Not an easy read but an essential one.

Pub Date: Aug. 13, 2019

ISBN: 978-0-525-50928-8

Page Count: 320

Publisher: One World/Random House

Review Posted Online: April 28, 2019

Kirkus Reviews Issue: May 15, 2019

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A top-notch political memoir and serious exercise in practical politics for every reader.

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A PROMISED LAND

In the first volume of his presidential memoir, Obama recounts the hard path to the White House.

In this long, often surprisingly candid narrative, Obama depicts a callow youth spent playing basketball and “getting loaded,” his early reading of difficult authors serving as a way to impress coed classmates. (“As a strategy for picking up girls, my pseudo-intellectualism proved mostly worthless,” he admits.) Yet seriousness did come to him in time and, with it, the conviction that America could live up to its stated aspirations. His early political role as an Illinois state senator, itself an unlikely victory, was not big enough to contain Obama’s early ambition, nor was his term as U.S. Senator. Only the presidency would do, a path he painstakingly carved out, vote by vote and speech by careful speech. As he writes, “By nature I’m a deliberate speaker, which, by the standards of presidential candidates, helped keep my gaffe quotient relatively low.” The author speaks freely about the many obstacles of the race—not just the question of race and racism itself, but also the rise, with “potent disruptor” Sarah Palin, of a know-nothingism that would manifest itself in an obdurate, ideologically driven Republican legislature. Not to mention the meddlings of Donald Trump, who turns up in this volume for his idiotic “birther” campaign while simultaneously fishing for a contract to build “a beautiful ballroom” on the White House lawn. A born moderate, Obama allows that he might not have been ideological enough in the face of Mitch McConnell, whose primary concern was then “clawing [his] way back to power.” Indeed, one of the most compelling aspects of the book, as smoothly written as his previous books, is Obama’s cleareyed scene-setting for how the political landscape would become so fractured—surely a topic he’ll expand on in the next volume.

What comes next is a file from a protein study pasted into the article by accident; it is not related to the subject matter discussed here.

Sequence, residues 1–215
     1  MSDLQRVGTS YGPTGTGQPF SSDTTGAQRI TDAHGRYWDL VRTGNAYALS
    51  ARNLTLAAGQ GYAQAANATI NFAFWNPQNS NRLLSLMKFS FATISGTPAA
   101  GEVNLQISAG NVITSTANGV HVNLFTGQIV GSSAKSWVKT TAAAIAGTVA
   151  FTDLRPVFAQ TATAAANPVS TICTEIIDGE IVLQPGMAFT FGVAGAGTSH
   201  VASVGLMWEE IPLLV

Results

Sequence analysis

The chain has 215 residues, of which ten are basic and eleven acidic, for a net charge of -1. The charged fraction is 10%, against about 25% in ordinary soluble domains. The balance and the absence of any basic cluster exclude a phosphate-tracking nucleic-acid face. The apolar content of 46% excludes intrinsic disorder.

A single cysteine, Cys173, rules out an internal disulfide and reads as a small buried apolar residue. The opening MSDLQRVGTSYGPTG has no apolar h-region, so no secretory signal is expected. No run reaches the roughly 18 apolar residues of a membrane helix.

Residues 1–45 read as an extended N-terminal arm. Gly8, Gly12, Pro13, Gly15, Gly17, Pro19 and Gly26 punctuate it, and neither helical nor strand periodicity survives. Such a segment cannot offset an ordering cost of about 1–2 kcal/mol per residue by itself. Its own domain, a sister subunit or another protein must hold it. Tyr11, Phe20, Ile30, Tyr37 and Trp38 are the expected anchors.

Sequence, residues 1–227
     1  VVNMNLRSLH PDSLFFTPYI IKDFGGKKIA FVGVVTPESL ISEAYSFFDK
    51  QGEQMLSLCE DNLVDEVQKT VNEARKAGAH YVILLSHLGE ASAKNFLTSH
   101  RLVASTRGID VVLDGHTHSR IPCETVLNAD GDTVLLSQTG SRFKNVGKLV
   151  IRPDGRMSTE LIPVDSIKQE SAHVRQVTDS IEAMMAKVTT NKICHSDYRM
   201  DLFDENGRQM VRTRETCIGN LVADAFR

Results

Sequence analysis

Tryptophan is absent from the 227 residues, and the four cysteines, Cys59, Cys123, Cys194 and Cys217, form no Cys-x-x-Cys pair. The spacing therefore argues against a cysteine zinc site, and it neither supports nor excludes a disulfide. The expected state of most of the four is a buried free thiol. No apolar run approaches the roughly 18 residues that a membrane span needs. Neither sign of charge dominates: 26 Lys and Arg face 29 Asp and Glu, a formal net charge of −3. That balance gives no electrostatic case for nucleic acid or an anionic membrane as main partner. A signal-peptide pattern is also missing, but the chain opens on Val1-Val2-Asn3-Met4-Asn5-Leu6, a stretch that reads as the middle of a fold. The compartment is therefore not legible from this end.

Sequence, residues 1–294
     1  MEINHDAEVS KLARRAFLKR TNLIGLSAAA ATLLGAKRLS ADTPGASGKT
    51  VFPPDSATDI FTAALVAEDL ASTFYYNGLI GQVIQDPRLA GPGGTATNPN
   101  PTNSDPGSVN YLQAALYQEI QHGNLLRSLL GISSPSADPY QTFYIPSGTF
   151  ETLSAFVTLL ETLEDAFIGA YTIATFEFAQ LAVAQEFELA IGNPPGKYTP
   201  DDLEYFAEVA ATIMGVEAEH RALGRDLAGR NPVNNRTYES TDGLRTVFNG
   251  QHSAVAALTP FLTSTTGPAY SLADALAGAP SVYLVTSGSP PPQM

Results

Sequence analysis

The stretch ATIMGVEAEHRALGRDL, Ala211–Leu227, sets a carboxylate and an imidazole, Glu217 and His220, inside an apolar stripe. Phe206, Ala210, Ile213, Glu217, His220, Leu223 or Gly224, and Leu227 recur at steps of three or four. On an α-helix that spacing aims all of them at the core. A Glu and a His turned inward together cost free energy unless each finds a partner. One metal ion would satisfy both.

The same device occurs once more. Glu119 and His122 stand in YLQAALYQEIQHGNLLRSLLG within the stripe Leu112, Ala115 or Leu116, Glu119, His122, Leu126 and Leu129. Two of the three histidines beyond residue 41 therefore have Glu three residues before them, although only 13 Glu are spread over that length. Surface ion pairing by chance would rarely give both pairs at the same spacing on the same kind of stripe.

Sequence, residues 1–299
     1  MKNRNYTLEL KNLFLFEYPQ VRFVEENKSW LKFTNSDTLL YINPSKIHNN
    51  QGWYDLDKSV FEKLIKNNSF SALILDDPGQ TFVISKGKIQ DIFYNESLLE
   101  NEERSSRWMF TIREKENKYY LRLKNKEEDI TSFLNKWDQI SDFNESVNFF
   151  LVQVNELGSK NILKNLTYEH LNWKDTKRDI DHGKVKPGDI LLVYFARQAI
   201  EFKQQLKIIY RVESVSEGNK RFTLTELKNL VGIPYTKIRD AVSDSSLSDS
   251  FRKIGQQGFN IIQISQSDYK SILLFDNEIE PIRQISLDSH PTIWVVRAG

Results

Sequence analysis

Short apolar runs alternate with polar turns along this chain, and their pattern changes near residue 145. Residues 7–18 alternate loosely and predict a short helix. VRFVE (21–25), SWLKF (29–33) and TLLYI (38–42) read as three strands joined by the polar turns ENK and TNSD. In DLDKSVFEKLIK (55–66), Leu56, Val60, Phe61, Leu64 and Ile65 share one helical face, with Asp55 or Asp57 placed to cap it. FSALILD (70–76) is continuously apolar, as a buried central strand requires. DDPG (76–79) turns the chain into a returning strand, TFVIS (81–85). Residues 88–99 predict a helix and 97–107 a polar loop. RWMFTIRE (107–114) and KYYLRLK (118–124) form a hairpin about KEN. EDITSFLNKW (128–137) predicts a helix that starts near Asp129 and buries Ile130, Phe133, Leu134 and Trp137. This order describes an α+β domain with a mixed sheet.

A top-notch political memoir and serious exercise in practical politics for every reader.

Pub Date: Nov. 17, 2020

ISBN: 978-1-5247-6316-9

Page Count: 768

Publisher: Crown

Review Posted Online: Nov. 16, 2020

Kirkus Reviews Issue: Dec. 15, 2020